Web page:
The Second Circuit reversed a district court decision that Earth Day celebrations at a New York school district violated the Establishment Clause and Free Exercise Clause of the First Amendment to the U.S. Constitution. The district court concluded that the celebration of Earth Day constituted a religious ceremony. The school district's sponsorship of Earth Day ceremonies, however, had a secular purpose and was not coercive. Further, an objective observer would not view the district's Earth Day ceremonies as endorsing Gaia or Earth worship as a religion. Thus, the activities did not violate the Establishment Clause. Similarly, the court reversed the district court's conclusion that the Earth Day ceremonies violated the Free Exercise Clause. The students were not required to attend or participate in the Earth Day ceremonies, thus, there was no interference with plaintiffs' free exercise of their chosen religion. The district court also held that nature worship, worry dolls, and Ganesha image construction activities at other schools in the district violated the Establishment and Free Exercise Clauses of the First Amendment. The plaintiffs, however, lack standing to challenge those activities. Because the plaintiffs have either graduated or moved since the action was commenced, no plaintiff can show that these activities infringe on their particular freedoms and their claims are moot. Altman v. Bedford Central School District, Nos. 99-7969(L), -9001 (2d Cir. Mar. 27, 2001) (30 pp.).


The Second Circuit affirmed a district court dismissal of a Native American tribe's NHPA claim against the state of New York, but vacated and remanded the district court's dismissal of the tribe's First Amendment claim against the state. The tribe claimed that the state violated its right of free exercise of religion under the First Amendment by charging a vehicle access fee to a park on an island on which the tribe allegedly once lived and which they still use for religious ceremonies. The tribe also claimed that the state's development of the park violated the NHPA. Because only the federal government can violate the NHPA, the tribe does not have an NHPA claim against the state. However, the district court erroneously concluded that members of the tribe must prove that they were Native Americans and descendants of the island's inhabitants before they could demonstrate a cognizable injury for the purposes of proving standing for their First Amendment claim. Whatever the race or lineage of the tribe's members, the tribe claims that it conducts religious ceremonies on the island because the land has religious significance to it. To the extent that restrictions on the use of the island apply to the tribe, they would impact the tribe's ability to perform religious ceremonies. Thus, such restrictions constitute an injury-in-fact to the tribe's religious freedom. The court, therefore, remanded the First Amendment claim for further proceedings. Western Mohegan Tribe v. New York, No. 00-7766 (2d Cir. Apr. 17, 2001) (4 pp.). 

Copyright© 2001, Environmental Law Institute, Washington, D.C. All rights reserved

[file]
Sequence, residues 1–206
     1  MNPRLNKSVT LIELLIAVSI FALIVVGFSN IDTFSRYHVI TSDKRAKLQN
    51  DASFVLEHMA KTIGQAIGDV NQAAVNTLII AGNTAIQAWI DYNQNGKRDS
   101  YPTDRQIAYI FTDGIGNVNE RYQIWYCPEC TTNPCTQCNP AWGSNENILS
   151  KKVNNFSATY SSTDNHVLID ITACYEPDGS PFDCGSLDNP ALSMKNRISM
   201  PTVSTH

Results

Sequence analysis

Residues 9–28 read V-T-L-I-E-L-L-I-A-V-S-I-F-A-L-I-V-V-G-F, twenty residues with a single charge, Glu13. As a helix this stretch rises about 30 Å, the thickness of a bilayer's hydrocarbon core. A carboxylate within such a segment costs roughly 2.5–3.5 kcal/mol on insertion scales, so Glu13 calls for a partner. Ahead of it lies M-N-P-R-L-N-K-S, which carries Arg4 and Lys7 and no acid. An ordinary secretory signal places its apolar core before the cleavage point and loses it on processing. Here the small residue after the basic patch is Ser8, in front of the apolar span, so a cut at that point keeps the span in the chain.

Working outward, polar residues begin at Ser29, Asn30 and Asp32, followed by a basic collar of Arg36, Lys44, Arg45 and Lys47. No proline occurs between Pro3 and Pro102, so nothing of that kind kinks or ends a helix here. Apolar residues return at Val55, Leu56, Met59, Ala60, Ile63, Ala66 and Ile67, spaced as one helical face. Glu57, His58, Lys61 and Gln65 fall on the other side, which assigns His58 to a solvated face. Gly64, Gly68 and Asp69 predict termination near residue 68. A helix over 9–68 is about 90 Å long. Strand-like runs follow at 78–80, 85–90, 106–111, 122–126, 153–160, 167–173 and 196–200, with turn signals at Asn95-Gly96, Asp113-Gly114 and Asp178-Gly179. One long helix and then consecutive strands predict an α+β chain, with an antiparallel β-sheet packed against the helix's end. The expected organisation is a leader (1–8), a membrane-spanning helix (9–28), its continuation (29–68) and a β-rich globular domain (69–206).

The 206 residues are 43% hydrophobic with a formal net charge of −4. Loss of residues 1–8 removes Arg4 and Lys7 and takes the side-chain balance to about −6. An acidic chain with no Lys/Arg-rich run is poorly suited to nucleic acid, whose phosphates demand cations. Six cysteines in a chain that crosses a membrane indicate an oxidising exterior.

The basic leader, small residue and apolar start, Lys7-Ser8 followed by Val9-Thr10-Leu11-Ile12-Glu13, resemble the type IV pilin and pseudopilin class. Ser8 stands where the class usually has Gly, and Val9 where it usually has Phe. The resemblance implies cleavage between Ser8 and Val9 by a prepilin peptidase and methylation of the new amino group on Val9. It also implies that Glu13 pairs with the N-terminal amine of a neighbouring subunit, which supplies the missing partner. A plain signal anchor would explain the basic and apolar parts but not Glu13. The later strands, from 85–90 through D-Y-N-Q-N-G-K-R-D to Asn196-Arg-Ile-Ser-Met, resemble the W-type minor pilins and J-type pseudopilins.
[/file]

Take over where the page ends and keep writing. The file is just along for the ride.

Note: Citations below are to the Federal Register.

red bar graphic  AIR:

  • EPA amended the emissions monitoring and compliance provisions contained in the standards of performance for electric utility steam generating units for which construction is commenced after September 18, 1978, and for industrial-commercial-institutional steam generating units. 66 FR 18546 (4/10/01). 

  • EPA promulgated NESHAPs for solvent extraction for vegetable oil production. 66 FR 19005 (4/12/01). 

  • EPA amended, corrected, and revised certain provisions of the Tier 2/Gasoline Sulfur regulations to assist regulated entities with program implementation and compliance. 66 FR 19295 (4/13/01). 

  • EPA announced the availability of a second external review draft of the Air Quality Criteria for Particulate Matter. 66 FR 18929 (4/12/01).

red bar graphic  CLIMATE CHANGE:

  • The Intergovernmental Panel on Climate Change prepared a draft Synthesis Report for its Third Assessment Report (TAR) on Climate Change. 66 FR 19277 (4/13/01). 

red bar graphic  DRINKING WATER:

  • EPA finalized additions to the Final Guidelines for the Certification and Recertification of the Operators of Community and Nontransient Noncommunity Public Water Systems, which were published in the Federal Register on February 5, 1999 (64 Fed. Reg. 5916). 66 FR 19939 (4/18/01).

  • EPA announced that it intends to approve revisions to Alabama's approved public water system supervision program. 66 FR 19952 (4/18/01).

 red bar graphic  ENERGY CONSERVATION:

  • DOE’s Office of Energy Efficiency and Renewable Energy announced further postponement of the January 22, 2001, final rule entitled Energy Conservation Program for Consumer Products; Central Air Conditioners and Heat Pumps Energy Conservation Standards pending the outcome of petitions by the Air-Conditioning and Refrigeration Institute for reconsideration by DOE and for judicial review by the U.S. Court of Appeals for the Fourth Circuit. 66 FR 20191 (4/20/01).

  • DOE's Office of Energy Efficiency and Renewable Energy, after reviewing the January 12, 2001, final rule entitled Energy Conservation Programs for Consumer Products: Clothes Washer Energy Conservation Standards pursuant to the President's Regulatory Review Plan, determined that no further rulemaking action is warranted.  66 FR 19714 (4/17/01).

  • DOE's Office of Energy Efficiency and Renewable Energy, after reviewing the January 17, 2001, final rule entitled Energy Conservation Program for Consumer Products:  Energy Conservation Standards for Water Heaters pursuant to the President's Regulatory Review Plan, determined that no further rulemaking action is warranted. 66 FR 19714 (4/17/01).


  • EPA proposed to enter into a prospective purchaser agreement under CERCLA in connection with the Center Star Manufacturing Superfund site in Oxford, Ala. 66 FR 19482 (4/16/01).